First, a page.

Husband’s peace and quiet makes wife feel discontent
DEAR ABBY: I married "Larry" five years ago, and he is good to me. I have two beautiful grandchildren who are my daughter's. If I don't see them once a week I miss them. (They are 2 1/2 and 16 months old.) Larry doesn't miss the babies or want to see them once a week. Sometimes when they come to the house, he doesn't speak to them or play with them. He says he wants his peace and quiet at the house.
Larry's great with the babies in public. He is also good about playing with our friends' kids. But he doesn't want the grandchildren to spend the night here because he doesn't want his sleep disturbed. (He can get up at 4 a.m. to go fishing, though.)
He has two sons and doesn't mind if he hears from them only twice a year. He's the type of person who says what he thinks without caring if it's rude or hurtful. If you don't like him, he can live without being friends with you. No one comes to visit us at our home.
I miss my family, my daughter and the babies. Do I leave? – UNHAPPY IN THE SUNSHINE STATE
DEAR UNHAPPY: If you are the one making all the concessions, make a list of Larry's good qualities, and then make one that includes how he refuses to compromise, makes you feel lonely and isolated, and says things without regard to whether they are hurtful to others. Place them side by side, and you will have your answer.
DEAR ABBY: After recently meeting my older brother's male roommate, a few things occurred that make me wonder if my brother is gay. Whether he is or not doesn't matter to me, and I don't feel it's my business to find out unless he chooses to share it with me.
Although I am a strong supporter of the gay and lesbian community, my concern is that because we were raised in an extremely conservative home, my brother may think I still hold those beliefs and may be reluctant to confide in me. I don't want to make a wrong assumption about his sexuality, nor do I want to force him out of the closet before he's ready. How can I let him know I support him, no matter what, without crossing the line? – LIBERAL GIRL IN TEXAS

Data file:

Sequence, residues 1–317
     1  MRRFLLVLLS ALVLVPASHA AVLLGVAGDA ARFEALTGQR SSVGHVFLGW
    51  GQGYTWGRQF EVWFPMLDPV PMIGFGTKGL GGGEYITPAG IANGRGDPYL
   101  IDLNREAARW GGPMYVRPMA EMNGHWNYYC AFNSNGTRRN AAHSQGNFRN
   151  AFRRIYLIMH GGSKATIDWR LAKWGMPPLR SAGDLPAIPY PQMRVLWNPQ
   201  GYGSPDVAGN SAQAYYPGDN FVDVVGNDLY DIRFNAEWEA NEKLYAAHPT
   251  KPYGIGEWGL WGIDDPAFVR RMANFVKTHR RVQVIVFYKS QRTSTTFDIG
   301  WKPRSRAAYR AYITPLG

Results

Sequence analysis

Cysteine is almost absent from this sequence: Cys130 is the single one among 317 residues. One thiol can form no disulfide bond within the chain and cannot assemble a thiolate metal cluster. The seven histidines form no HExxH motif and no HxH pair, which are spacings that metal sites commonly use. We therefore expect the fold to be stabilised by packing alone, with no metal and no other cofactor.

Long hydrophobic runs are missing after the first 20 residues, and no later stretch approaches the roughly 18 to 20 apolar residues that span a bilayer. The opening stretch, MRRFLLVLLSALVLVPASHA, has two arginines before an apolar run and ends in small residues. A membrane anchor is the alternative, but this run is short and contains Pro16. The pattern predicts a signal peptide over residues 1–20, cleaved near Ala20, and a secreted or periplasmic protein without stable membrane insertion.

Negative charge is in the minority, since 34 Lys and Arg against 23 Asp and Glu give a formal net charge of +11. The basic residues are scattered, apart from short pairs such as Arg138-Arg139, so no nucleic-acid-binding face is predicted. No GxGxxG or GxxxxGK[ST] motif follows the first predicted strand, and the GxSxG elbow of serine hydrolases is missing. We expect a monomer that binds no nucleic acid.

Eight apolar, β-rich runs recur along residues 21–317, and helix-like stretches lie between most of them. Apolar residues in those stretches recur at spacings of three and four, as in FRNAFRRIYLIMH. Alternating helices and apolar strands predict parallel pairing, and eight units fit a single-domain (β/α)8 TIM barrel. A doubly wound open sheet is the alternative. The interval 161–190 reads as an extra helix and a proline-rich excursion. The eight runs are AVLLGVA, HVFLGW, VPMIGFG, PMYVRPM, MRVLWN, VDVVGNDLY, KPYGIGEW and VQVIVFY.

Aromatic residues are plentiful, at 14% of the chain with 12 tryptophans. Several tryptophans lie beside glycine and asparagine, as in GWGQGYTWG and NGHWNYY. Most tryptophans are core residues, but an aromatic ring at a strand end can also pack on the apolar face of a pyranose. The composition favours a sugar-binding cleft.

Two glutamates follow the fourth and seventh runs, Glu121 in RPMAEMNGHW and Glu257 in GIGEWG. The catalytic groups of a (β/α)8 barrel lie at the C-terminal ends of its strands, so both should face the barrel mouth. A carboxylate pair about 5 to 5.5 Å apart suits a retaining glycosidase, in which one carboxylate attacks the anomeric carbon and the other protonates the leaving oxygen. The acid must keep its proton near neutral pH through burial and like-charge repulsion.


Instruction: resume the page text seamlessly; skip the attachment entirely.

DEAR LIBERAL GIRL: There are ways to communicate your feelings to your brother without being direct. If you are still in school, consider joining a gay/straight alliance. If you see something in the news about a gay issue, call it to his attention and say something positive. Or, if you think that might make him uncomfortable, how about giving him a hug and telling him how lucky you feel to have him as a brother and that you will love him forever? (Come to think of it, a straight sibling might also appreciate hearing it.)
DEAR ABBY: Does being invited to an engagement party "guarantee" you will also be invited to the wedding? – LOOKING AHEAD IN WASHINGTON, D.C.
DEAR LOOKING AHEAD: Yes, it does. And for that not to happen is a HUGE breach of etiquette on the part of whoever is hosting the wedding, whether it's the bride's parents or the couple themselves.
Dear Abby is written by Abigail Van Buren, also known as Jeanne Phillips, and was founded by her mother, Pauline Phillips. Write Dear Abby at www.DearAbby.com or P.O. Box 69440, Los Angeles, CA 90069.